The government on Monday sought Parliament’s approval to inject Rs 20,000 crore of equity capital in public sector banks (PSB).
The Union Budget 2020-21 did not make any allocation towards fund infusion in state-owned banks for this year, as banks were expected to raise capital from the equity markets. But with banks expected to record a spike in non-performing assets and higher loan losses in the wake of Covid-19, equity raising by PSBs from capital markets is now possible at low valuations. Government equity support will provide extra cushion and help the banks raise more funds from the markets.
According to the first batch of supplementary demands for grants 2020-21 tabled in Parliament on Monday, a total of Rs 20,000 crore has been sought “for meeting expenditure towards recapitalisation of public sector banks through issue of government securities”.
The government sought approval for a total additional spending of Rs 2,35,852 crore, which includes cash outgo of Rs 1,66,983 crore, while the rest will be met through savings of departments and ministries.
Apart from bank capital infusion, Rs 40,000 crore has been sought towards increased spending under Mahatma Gandhi National Rural Employment Guarantee Scheme (MGNREGS) and Rs 33,771.48 crore for direct benefit transfer under the Pradhan Mantri Jan Dhan Yojana and National Social Assistance Programme.
Approval for Rs 44,340 crore of spending has also been sought towards providing additional allocation under post devolution revenue deficit grant to states as per the 15th Finance Commission’s recommendations.
Government sources said bank wise equity infusion plan will be finalised after taking into account their internal assessment of the impact of Covid-19 related developments on their “balance sheets, liquidity profile, asset quality and profitability”.
The Reserve Bank of India has called for both private sector and public sector banks to raise equity to strengthen their balance sheets. A number of private banks have raised capital of over Rs 80,000 crore from equity markets since April.
“The current pandemic related shock is likely to place greater pressure on the balance sheets of banks, leading to erosion of their capital. Proactive building of buffers and raising capital will be crucial not only to ensure credit flow but also to build resilience in the financial system — resilience of individual banks and financial entities as well as resilience of the financial sector as a whole,” RBI Governor Shaktikanta Das had said last month.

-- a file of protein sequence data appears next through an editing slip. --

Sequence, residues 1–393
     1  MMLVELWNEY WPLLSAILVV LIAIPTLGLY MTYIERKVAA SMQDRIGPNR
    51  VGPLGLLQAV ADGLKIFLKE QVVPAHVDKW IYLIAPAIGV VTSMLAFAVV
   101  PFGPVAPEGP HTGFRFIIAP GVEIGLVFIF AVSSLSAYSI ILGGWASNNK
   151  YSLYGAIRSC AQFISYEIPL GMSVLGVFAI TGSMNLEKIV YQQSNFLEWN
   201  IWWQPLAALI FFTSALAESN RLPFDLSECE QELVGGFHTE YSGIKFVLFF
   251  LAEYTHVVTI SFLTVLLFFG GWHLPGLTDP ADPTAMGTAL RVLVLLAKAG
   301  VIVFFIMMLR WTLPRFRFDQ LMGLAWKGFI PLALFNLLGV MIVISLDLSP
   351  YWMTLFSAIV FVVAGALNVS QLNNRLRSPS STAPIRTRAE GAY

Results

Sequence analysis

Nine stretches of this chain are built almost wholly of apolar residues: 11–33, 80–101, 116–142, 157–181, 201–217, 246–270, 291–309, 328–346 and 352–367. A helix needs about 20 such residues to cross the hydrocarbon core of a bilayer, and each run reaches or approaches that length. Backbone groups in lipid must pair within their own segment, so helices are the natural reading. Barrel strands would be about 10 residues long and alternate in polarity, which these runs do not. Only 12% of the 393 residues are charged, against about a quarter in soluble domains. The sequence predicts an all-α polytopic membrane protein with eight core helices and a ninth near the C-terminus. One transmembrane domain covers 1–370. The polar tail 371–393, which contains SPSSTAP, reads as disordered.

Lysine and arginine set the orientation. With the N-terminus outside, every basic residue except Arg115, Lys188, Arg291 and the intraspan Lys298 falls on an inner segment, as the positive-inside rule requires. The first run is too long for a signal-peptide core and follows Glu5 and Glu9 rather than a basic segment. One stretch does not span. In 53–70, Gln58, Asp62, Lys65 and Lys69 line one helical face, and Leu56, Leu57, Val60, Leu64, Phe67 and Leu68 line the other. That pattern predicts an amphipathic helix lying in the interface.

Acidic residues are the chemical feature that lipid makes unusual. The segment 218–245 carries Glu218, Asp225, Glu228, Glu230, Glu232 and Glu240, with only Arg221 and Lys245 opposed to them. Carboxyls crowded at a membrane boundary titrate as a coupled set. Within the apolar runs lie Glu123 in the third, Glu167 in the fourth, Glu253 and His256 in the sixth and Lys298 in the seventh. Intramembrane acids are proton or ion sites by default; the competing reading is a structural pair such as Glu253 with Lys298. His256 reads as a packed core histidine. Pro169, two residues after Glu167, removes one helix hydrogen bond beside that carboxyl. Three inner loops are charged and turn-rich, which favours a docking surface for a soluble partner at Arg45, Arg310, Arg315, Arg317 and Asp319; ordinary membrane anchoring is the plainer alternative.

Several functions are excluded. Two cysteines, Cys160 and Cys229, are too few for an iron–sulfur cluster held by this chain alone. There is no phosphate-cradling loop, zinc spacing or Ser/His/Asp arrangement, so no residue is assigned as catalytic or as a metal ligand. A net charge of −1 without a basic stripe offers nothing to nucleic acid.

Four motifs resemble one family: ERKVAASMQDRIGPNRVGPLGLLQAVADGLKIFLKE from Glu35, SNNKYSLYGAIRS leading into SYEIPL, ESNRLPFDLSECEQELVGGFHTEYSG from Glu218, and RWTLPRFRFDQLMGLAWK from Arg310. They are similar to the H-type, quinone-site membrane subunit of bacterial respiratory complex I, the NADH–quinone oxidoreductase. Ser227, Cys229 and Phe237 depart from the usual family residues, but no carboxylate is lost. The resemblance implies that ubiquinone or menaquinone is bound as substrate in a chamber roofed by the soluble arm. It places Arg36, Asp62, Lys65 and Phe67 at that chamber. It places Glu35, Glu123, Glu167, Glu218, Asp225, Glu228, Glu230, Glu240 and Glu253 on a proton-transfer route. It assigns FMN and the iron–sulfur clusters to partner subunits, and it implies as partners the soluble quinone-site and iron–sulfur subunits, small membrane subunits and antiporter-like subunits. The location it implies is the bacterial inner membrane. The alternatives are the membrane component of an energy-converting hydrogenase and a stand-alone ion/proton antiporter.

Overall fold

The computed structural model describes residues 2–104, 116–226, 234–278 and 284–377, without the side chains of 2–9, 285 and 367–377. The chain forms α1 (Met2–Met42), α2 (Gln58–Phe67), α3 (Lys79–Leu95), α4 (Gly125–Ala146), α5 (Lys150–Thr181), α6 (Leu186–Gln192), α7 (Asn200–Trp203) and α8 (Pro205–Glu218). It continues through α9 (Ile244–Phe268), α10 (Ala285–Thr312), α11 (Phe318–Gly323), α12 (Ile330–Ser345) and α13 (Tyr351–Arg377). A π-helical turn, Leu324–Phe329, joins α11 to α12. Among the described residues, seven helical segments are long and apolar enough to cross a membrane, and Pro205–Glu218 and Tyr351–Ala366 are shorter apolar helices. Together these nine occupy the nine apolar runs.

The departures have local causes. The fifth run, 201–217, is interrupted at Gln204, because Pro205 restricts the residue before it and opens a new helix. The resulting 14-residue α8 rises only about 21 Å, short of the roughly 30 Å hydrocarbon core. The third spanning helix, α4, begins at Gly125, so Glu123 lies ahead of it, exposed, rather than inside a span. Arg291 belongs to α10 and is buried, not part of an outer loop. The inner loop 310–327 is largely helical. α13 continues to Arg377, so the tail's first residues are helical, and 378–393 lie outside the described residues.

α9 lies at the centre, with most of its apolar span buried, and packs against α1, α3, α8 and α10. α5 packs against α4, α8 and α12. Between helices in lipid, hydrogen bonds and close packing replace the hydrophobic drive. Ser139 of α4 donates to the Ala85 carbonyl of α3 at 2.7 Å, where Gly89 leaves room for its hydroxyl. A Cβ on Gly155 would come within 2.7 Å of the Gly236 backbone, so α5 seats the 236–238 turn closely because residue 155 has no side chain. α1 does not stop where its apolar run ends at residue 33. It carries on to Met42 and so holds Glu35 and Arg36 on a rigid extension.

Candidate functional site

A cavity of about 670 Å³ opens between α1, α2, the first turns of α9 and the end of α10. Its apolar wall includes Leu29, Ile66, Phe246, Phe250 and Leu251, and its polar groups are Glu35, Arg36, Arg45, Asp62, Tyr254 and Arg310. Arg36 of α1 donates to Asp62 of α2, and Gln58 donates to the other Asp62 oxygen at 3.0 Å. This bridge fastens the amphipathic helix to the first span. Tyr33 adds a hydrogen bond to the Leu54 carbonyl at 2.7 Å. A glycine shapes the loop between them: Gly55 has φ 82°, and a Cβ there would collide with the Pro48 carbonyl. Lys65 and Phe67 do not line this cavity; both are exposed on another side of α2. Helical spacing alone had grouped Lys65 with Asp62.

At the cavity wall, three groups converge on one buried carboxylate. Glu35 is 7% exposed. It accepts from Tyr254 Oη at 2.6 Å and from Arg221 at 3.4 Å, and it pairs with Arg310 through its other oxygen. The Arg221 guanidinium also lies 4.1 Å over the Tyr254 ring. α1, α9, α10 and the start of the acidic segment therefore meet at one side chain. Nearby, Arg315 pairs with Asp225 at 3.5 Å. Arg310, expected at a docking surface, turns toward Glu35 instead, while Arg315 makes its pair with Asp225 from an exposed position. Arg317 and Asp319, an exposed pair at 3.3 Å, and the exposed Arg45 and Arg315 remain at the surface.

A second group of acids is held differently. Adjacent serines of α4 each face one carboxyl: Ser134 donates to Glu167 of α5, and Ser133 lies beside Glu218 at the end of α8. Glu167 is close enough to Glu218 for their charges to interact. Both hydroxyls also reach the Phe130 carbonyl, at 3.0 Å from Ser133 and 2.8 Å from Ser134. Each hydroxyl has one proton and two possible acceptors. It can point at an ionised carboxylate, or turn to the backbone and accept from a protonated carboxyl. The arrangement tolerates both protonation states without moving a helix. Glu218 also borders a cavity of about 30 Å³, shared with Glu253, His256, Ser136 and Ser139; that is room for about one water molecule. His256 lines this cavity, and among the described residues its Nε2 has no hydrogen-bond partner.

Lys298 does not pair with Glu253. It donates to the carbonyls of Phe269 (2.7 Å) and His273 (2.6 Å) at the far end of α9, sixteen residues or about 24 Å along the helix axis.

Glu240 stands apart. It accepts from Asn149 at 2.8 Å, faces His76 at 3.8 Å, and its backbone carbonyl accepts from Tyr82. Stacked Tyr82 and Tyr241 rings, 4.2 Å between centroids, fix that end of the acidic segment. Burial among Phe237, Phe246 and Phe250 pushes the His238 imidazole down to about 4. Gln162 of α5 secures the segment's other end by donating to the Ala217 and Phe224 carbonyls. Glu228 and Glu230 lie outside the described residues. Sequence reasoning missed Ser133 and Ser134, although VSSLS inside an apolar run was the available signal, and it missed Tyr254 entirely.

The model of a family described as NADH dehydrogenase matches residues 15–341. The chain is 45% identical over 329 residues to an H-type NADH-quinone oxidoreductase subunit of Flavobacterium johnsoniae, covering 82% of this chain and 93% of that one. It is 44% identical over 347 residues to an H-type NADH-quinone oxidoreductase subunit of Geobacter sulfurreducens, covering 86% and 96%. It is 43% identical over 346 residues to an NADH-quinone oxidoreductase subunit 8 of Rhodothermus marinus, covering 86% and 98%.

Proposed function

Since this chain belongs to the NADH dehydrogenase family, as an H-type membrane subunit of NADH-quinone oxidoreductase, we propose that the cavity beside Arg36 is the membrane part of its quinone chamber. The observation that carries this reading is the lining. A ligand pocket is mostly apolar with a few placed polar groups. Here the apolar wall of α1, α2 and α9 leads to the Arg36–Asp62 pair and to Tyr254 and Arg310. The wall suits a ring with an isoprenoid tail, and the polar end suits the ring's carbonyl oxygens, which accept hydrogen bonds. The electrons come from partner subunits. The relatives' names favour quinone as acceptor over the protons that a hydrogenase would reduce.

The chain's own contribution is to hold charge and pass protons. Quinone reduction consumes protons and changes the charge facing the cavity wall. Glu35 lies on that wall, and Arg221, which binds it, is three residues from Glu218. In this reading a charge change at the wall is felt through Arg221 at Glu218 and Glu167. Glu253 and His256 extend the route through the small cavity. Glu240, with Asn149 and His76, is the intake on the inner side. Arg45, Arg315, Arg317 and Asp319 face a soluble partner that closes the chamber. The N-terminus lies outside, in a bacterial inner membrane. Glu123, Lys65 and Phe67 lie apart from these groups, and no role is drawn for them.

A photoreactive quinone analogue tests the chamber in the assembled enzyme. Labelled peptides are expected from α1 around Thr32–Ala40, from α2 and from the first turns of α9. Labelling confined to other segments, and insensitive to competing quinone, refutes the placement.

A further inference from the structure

In recent years, the government has significantly capitalised state-owned banks and pursued consolidation in the PSU banking space. In the last three financial years, the government has infused equity of Rs 2.65 lakh crore into state-owned banks. But the pandemic is expected to lead to a further surge in NPAs and erosion of capital, necessitating another round of capital raising by banks. Industry sources said Rs 20,000 crore of capital may not be enough for all PSBs and this equity may go to relatively weaker banks.
As per a recent assessment of an expert panel set up by the RBI, corporate sector debt adding up to Rs 15.52 lakh crore has come under stress following the pandemic. The KV Kamath committee, which worked out the financial parameters for a loan restructuring plan, has said that 72 per cent of the banking sector debt worth Rs 37.72 lakh crore remains under stress, which is almost 37 per cent of the total non-food bank credit.
Among other proposals to augment the health infrastructure, the government has sought Rs 14,231.96 crore, including Rs 5,915.49 crore, for meeting additional expenditure towards grants-in-aid general for containment of the pandemic and Rs 2,475 crore to the Indian Council of Medical Research. Approval for another Rs 10,000 crore has been sought to meet expenditure towards food subsidy under the National Food Security Act.
Rs 1,232 crore will be allocated to the Small Industries Development Bank of India on interest subvention of 2 per cent on prompt repayment of Shishu loans extended under the Pradhan Mantri Mudra Yojana. Another Rs 4,000 crore will be be provided to the National Credit Guarantee Trustee Company Limited for giving government-guaranteed collateral-free additional loans to MSMEs under the Rs 3 lakh crore of Emergency Credit Line Guarantee Scheme.
In May, Finance Minister Nirmala Sitharaman had announced a 65 per cent increase (Rs 40,000 crore) over the Budget outlay for MGNREGS in the fifth and final tranche of the AtmaNirbhar Bharat package. In the 2020-21 Budget estimate, the government had reduced the allocation under the scheme to Rs 61,500 crore, compared to the revised estimate of Rs 71,002 crore in 2019-20. The sharp hike came amid migrants going back to their hometowns after the nationwide lockdown, leading to a sharp surge in demand for NREGS work.
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